- KillProcessForm.cs: It has just the UI for the alert that you see in the above popup. No intelligence.
- Monitor.cs: This is the important class that does the monitoring, measurement of CPU and Memory usage and raises the alert. If you want to have this kind of feature in your application, you can reuse this class.
Let's look at the Monitor.cs class first which has the brainpower to monitor CPU and memory. It uses WMI to monitor the processes. I tried using
Process class first and tried to access the
TotalProcessorTime but it gave me "Access Denied" for processes like
mysqld. For some processes, I did not get the
WorkingSet and so on. Then I tried using
PerformanceCounter to get the CPU and Memory usage of process. It was too expensive to query Performance Counter for each process. So, I had to rely on WMI to give me the information.
private ManagementObjectSearcher _Searcher =
"SELECT IDProcess, Name, PercentProcessorTime, Description,
WorkingSet FROM Win32_PerfFormattedData_PerfProc_Process");
private List<ProcessInfo> GetUsage()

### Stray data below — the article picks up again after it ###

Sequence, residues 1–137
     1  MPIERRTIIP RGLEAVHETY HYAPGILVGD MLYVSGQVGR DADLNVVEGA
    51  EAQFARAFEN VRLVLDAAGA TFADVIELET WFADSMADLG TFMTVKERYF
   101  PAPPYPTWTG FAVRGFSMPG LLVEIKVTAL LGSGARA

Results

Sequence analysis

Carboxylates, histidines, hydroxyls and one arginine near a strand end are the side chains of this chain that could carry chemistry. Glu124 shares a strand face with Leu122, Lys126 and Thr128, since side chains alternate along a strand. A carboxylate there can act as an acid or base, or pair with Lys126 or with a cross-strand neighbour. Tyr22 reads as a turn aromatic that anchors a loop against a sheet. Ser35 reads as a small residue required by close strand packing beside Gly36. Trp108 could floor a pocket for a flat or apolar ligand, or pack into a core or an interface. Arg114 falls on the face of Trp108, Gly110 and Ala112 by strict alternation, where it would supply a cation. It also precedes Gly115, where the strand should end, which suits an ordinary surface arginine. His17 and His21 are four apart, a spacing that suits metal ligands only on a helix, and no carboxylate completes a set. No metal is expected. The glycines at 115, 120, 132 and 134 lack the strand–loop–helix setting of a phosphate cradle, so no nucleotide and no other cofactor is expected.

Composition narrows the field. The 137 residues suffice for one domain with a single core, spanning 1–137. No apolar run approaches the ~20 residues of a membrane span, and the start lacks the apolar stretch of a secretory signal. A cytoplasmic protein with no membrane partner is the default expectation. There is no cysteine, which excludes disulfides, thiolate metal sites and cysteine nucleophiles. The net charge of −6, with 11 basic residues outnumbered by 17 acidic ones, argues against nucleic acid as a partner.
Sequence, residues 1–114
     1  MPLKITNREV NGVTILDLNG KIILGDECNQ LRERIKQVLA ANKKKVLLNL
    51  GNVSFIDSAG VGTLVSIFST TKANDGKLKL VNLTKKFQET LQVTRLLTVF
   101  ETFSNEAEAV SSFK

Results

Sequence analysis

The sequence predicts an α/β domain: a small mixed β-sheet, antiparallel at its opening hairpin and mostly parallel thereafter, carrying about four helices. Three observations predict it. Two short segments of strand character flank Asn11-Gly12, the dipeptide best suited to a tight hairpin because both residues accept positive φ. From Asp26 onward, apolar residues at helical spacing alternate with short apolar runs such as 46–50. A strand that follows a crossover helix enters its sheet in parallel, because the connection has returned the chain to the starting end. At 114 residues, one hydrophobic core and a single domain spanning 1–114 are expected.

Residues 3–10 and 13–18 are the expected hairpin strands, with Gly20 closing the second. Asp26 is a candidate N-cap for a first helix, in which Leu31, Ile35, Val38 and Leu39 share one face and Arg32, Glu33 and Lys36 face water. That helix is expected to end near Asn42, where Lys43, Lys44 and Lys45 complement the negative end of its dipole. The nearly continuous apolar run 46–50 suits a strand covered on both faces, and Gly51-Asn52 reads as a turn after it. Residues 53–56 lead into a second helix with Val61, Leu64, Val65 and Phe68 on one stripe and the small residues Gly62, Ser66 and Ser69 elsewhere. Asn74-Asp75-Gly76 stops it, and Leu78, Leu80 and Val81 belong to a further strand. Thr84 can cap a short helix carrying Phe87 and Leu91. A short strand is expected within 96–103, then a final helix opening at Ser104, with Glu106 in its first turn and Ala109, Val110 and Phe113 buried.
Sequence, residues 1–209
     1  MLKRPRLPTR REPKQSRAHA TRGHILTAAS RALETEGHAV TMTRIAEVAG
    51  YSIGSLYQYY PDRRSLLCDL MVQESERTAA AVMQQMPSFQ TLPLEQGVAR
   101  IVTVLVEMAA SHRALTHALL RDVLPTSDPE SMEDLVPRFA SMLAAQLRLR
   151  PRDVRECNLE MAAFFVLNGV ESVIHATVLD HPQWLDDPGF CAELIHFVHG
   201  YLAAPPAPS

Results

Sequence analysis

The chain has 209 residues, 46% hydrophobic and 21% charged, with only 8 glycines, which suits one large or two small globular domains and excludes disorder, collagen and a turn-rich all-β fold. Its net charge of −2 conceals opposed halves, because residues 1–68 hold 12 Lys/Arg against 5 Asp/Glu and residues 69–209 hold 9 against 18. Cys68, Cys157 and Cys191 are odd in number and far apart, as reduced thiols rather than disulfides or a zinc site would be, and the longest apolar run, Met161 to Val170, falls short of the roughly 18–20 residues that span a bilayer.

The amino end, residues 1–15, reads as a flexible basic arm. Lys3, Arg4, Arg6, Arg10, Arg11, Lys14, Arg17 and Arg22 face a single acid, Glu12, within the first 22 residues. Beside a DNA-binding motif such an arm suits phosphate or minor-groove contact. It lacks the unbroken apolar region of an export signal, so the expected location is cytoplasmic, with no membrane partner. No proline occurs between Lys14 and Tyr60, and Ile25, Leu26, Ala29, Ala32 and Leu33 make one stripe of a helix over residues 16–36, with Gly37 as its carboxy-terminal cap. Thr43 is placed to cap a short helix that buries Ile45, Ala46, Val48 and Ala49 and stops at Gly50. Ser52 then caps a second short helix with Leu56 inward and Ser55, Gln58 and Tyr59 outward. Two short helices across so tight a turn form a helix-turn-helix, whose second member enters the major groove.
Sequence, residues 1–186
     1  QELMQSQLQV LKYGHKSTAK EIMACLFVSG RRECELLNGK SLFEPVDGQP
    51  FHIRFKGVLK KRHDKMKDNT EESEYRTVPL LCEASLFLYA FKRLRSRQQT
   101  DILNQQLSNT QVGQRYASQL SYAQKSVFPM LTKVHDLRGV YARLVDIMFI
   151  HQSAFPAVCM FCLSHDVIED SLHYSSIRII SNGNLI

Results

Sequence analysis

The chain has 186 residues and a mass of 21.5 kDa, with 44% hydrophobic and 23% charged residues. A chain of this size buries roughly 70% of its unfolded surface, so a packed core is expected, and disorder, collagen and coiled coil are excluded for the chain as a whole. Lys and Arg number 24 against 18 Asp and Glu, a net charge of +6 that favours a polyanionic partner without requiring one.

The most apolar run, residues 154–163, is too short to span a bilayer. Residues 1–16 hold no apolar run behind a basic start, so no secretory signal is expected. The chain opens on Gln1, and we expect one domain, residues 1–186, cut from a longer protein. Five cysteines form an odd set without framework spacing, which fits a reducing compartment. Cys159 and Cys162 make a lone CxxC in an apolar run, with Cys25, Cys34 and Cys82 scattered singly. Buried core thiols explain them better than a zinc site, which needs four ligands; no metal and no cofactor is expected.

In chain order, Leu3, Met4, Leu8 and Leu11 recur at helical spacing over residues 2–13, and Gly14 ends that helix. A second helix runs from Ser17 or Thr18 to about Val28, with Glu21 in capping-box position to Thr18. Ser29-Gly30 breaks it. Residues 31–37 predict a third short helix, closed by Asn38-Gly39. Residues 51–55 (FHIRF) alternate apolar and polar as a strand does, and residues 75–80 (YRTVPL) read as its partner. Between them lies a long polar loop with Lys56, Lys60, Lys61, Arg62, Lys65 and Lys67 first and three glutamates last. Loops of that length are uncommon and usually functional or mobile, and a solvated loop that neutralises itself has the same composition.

var processes = new List<ProcessInfo>();
foreach (ManagementObject queryObj in _Searcher.Get())
var process = new ProcessInfo
Id = Convert.ToInt32(queryObj["IDProcess"]),
Name = Convert.ToString(queryObj["Name"]),
CpuUsage = Convert.ToInt32(queryObj["PercentProcessorTime"]),
Description = Convert.ToString(queryObj["Description"]),
WorkingSet = Convert.ToInt64(queryObj["WorkingSet"]),
process.Title = process.Name;
process.Title = process.Description;
if (process.Id > 0)
Pretty straight forward. The only cool thing to learn here is I declared the
ManageObjectSearcher as a
private variable, not a local variable to this function because it seems creating and disposing it every time the
GetUsage function is called is very expensive. CPU was getting 20% for about 30 seconds on
WMIpserv.exe whenever I tried to create and dispose the searcher.
Closing a process turned out to be a R&D challenge. You can kill a process by calling
Process.Kill, but that terminates the process abnormally. If you are killing Outlook this way, it causes data corruption. So, you have to gracefully close the application. However, if some app is stuck and taking 100% CPU, trying to close it gracefully does not work. You have to take drastic measures. In that case, killing it is only the solution.
So, first I try to close the process gently:
private void CloseProcess(ProcessInfo processToKill)